Richard attended Macon's Hudson High School, where he was a below-average student. He eventually learned to play alto saxophone, joining his school's marching band while in fifth grade. While in high school, he got a part-time job at Macon City Auditorium for local secular and gospel concert promoter Clint Brantley. He sold Coca-Cola to crowds during concerts of star performers of the day such as Cab Calloway, Lucky Millinder, and his favorite singer Sister Rosetta Tharpe.

Music career

In 1951 Little Richard began his music career by making gospel and jazz influenced rhythm and blues. He did not sell many records until 1955 when he added a loud drum beat and loud Gospel-style singing and boogie-woogie piano playing. This new music would come to be known as of rock and roll. Little Richard influenced many rock and roll musicians who started after him.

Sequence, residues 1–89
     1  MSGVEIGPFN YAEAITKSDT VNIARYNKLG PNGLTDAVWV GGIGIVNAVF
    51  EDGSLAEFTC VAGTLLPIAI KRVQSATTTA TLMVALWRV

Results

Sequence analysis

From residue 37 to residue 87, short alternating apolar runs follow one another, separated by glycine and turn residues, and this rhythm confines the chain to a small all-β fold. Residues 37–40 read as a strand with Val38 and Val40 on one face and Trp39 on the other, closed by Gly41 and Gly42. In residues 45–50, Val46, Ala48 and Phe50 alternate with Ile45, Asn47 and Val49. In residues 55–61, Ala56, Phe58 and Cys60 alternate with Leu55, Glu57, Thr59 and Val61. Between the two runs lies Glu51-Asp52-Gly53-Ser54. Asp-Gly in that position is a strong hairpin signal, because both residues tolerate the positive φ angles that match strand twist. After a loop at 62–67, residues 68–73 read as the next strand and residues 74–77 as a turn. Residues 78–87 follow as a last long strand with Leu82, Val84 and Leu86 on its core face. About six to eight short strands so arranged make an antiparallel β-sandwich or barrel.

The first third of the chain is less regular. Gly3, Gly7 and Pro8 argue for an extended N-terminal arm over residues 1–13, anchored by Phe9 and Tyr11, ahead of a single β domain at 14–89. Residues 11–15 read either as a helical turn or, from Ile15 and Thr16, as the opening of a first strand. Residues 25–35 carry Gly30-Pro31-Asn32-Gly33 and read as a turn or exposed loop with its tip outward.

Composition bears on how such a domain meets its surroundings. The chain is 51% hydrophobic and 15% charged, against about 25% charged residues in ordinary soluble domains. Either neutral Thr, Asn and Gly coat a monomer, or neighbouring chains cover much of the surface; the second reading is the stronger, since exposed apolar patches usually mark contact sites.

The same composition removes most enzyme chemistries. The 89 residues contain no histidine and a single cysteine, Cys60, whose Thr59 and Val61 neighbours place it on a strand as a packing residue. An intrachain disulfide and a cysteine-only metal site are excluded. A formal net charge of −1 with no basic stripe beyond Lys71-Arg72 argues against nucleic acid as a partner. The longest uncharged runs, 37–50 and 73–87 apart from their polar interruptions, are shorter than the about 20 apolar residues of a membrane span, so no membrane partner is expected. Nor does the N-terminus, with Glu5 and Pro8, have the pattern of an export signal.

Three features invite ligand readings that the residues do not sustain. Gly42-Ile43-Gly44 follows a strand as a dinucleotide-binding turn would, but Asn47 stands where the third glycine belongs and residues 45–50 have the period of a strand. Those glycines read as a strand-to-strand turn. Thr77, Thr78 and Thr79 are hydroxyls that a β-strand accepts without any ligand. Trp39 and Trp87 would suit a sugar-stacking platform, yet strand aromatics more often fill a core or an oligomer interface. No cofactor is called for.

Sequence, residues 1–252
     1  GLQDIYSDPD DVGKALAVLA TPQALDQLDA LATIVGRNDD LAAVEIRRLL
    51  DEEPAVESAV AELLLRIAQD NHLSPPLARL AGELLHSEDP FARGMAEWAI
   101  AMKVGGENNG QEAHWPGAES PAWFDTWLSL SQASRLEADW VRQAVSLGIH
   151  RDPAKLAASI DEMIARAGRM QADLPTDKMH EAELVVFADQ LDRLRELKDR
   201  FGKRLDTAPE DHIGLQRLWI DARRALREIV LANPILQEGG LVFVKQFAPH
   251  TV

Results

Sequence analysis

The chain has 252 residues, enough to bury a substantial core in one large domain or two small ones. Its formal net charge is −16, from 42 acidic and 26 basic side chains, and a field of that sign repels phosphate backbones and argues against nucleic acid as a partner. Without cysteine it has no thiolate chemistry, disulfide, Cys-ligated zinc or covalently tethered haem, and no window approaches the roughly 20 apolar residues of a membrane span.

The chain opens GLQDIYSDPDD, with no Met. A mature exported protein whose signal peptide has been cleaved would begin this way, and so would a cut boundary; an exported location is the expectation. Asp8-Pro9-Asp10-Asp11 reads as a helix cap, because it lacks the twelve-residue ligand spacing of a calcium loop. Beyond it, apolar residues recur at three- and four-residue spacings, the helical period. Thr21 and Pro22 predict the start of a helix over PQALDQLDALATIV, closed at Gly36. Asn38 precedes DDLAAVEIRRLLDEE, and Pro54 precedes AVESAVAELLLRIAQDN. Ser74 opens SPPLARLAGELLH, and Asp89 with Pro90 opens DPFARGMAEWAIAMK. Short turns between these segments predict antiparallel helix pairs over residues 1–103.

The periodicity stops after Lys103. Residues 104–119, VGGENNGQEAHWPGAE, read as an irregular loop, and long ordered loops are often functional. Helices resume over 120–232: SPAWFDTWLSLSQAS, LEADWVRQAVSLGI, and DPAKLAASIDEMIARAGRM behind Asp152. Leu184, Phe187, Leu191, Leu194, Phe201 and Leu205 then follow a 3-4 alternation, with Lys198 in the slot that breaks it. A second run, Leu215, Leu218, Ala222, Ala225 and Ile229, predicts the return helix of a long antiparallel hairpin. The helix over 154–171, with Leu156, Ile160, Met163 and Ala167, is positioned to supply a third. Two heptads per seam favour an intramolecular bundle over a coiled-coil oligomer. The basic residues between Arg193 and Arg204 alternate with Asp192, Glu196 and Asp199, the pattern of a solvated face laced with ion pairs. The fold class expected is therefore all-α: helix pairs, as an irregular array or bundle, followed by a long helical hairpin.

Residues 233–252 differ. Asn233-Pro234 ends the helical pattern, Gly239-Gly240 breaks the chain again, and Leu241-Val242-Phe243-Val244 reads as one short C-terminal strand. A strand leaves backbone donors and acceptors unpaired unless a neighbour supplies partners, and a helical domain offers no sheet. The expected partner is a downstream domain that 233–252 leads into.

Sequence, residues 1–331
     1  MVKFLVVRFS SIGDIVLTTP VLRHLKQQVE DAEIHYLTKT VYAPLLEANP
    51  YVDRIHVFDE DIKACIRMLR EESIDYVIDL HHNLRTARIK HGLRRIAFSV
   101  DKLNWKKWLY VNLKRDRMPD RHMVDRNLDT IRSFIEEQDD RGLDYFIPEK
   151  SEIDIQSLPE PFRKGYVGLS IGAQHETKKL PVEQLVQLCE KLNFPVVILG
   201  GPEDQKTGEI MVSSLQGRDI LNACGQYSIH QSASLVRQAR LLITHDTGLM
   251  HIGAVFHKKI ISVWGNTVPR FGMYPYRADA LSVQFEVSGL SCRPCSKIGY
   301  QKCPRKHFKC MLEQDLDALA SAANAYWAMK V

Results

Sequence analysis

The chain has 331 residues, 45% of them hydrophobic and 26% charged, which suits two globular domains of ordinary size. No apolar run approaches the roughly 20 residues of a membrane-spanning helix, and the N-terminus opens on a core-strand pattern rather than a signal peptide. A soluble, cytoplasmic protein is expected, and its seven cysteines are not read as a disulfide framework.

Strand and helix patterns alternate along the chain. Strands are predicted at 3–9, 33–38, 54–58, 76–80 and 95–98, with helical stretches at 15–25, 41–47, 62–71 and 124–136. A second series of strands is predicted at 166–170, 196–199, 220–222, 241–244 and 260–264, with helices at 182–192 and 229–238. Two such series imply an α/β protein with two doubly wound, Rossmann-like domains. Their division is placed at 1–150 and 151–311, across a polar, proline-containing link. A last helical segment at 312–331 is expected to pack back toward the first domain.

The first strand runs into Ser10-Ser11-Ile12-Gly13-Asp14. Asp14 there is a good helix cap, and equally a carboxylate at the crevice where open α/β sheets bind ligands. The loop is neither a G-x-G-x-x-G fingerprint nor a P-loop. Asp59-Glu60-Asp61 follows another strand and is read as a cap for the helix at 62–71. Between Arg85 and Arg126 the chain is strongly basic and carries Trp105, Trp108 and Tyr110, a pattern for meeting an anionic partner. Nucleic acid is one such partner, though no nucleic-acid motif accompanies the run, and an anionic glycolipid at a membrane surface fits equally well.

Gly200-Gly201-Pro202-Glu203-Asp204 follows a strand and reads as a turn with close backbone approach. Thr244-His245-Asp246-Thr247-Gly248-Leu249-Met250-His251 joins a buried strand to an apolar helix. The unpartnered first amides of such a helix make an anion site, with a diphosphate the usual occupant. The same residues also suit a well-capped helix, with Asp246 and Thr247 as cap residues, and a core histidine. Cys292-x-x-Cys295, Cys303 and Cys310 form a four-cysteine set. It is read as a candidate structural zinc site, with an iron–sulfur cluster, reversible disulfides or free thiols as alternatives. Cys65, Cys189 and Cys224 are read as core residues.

"Tutti Frutti" (1955), one of Richard's signature songs, became an instant hit, crossing over to the pop charts in both the United States and the United Kingdom. His next hit single, "Long Tall Sally" (1956), hit No. 1 on the Billboard Rhythm and Blues Best-Sellers chart, followed by a rapid succession of fifteen more in less than three years.

Richard is cited as one of the first crossover black artists, reaching audiences of all races. His music and concerts broke the color line, drawing black and white people together despite attempts to sustain segregation. Many of his contemporaries, including Elvis Presley, Buddy Holly, Bill Haley, Jerry Lee Lewis, the Everly Brothers, Gene Vincent and Eddie Cochran, recorded covers of his works. Taken by his music and style, and personally covering four of Richard's songs on his own two breakthrough albums in 1956, Presley told Richard in 1969 that his music was an inspiration to him and that he was "the greatest".